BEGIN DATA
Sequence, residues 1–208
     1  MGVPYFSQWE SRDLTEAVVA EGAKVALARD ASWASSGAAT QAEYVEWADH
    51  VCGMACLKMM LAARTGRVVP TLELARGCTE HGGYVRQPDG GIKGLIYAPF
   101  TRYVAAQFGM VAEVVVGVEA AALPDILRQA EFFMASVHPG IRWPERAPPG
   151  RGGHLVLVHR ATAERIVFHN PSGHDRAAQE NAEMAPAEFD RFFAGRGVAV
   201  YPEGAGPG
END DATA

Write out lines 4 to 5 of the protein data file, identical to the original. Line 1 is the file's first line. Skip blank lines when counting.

   101  TRYVAAQFGM VAEVVVGVEA AALPDILRQA EFFMASVHPG IRWPERAPPG
   151  RGGHLVLVHR ATAERIVFHN PSGHDRAAQE NAEMAPAEFD RFFAGRGVAV